Sunday, June 25, 2017

Positive Ageing - a State of Mind

Growing old gracefully ...disgracefully ... outrageously ...or whatever other term that's been used to embrace ageing in the last few years, has now been replaced with a more optimistic term "Positive Ageing" - the principles of the Positive Psychology movement.

Our ability to have a more positive experience, compared with peers who are perpetuating the old paradigm (that ageing is fraught with misery), has a lot to do with our attitude, personal qualities and flexibility.

Jean Shinoda Bolin encourages us to turn to the Greek Goddess, Hecate, who can midwife us if we face a major transition, or need to birth new aspects of self.   A Hecate woman is also one who pays attention to synchronicities and dreams and draws upon past experiences and intuition for guidance.

Cultivating flexibility I think is a key indicator of how we reframe our lives in these years. It requires us to feel and think differently, to counter any maladaptive patterns by engaging in life-enhancing practices. Some of these are altruistic, others may be practising gratitude, and appreciating what you have to offer to the world.

Go on now, write a list of your qualities, skills and resources! And think about how some of these could be used creatively to enhance your life or the life of others.

For instance, in the last 2 months I've become immersed in intuitive painting. I've always been creative, but never gave myself permission to paint. Having said that, I've gone without a few other needs to achieve this. The JOY I've felt, plus the wellness benefits that flow on from this, are priceless - my daughter commented recently that she notices a difference in my being. So as well as it benefitting myself, I intend to offer it to other women in the near future so that they too can benefit.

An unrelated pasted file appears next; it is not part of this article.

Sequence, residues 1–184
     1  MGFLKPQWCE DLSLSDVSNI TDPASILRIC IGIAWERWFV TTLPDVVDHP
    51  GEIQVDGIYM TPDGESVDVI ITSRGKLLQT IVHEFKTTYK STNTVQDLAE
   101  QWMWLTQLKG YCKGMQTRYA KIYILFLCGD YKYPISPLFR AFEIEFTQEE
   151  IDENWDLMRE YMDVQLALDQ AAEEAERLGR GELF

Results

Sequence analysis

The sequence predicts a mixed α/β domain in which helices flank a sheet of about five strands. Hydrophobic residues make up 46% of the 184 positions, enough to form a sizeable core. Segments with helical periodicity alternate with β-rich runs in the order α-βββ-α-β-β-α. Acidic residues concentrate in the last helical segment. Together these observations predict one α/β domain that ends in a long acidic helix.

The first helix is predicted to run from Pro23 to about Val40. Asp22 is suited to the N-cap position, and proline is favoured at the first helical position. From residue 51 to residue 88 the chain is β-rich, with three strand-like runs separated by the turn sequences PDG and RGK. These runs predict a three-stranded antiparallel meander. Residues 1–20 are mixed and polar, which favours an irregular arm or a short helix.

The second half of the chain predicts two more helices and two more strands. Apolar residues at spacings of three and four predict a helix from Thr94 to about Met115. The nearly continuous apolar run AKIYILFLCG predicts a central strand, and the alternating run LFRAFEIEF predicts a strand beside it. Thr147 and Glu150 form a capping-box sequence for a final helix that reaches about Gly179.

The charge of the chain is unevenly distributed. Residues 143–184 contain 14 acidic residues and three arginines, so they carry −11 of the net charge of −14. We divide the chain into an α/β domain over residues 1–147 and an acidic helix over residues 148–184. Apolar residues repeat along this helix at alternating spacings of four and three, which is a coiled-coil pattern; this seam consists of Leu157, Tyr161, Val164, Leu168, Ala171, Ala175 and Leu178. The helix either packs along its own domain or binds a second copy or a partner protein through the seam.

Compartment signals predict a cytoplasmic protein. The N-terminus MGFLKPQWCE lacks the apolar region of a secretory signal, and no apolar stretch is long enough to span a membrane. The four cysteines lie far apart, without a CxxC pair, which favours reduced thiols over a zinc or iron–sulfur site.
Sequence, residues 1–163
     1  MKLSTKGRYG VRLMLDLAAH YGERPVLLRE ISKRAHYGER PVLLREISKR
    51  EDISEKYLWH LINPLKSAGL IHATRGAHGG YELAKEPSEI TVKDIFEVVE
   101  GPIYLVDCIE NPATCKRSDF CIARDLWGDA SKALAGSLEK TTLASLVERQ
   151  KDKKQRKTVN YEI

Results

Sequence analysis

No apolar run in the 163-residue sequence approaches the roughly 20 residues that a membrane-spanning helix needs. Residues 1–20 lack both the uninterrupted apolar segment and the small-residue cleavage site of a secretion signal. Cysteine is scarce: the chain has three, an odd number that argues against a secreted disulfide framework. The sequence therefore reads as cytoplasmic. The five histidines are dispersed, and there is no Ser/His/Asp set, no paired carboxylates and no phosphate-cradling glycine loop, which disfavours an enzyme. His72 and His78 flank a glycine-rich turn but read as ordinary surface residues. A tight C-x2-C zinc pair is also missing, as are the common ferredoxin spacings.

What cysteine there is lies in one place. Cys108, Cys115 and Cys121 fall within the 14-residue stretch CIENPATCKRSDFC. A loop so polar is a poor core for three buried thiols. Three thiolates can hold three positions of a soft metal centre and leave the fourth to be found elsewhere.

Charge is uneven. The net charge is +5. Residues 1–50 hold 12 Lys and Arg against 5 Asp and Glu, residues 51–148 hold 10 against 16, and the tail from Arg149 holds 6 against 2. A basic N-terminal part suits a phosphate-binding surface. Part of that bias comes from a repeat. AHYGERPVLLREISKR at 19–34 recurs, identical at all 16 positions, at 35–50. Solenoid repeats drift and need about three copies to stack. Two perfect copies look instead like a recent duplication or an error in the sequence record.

Do you also have a gift or experience to share? Resources you could utilise?  A new skill you could learn this year?

These years don't have to end in illness, regret or worry. Most often we need to adapt to possible declining health or stamina, but we CAN adapt. We can choose to embrace life-enhancing choices over ones that limit us. If we marry these with our values, and choose from our heart, we're better able to live fulfilling and meaningful lives way into our 90's. Whatever ailments we might experience, there's a way to still enjoy our lives, but maybe a little slower.

I'm finding that my mind is just as sharp as it was 20 years ago, though sometimes a word or two takes longer to recall. Our mature minds also work better in later life - we use the left and right hemispheres together more effectively. New learning is great for our mind, and we need to exercise it, as Joan Baez says as she begins her Forever Young song.   

A couple of times when I've needed a pick-me-up I've played this song!  

Lastly, don't forget to call forth more LOVE into your life. Did you know that love increases our endorphins and endogenous cannabinoids? It also increases the secretion of nitric oxide that allows our arteries to relax, reduces your blood pressure, and improves circulation. Love also improves our DNA, enhances our wellbeing, and inspires us to care for self.

Being open to love, loving self, loving others and your life, is the key to positive ageing, in my opinion.


Tuesday, June 13, 2017

The Art of Living Alone

Alone versus Lonely has come to my attention lately when I read that more women are living alone today than at any other time in herstory. 

Given that therapists in the USA are a little concerned about the emotional health of these millions of women, it piqued my interest.  On googling this topic it seems there are many variables when it comes to how people feel about living alone.  As I'm a passionate informal researcher (post Social Ecology academia) of our 3rd chapter, I will continue to gather stories, and the next 20 years will no doubt attract much interest from other social researchers.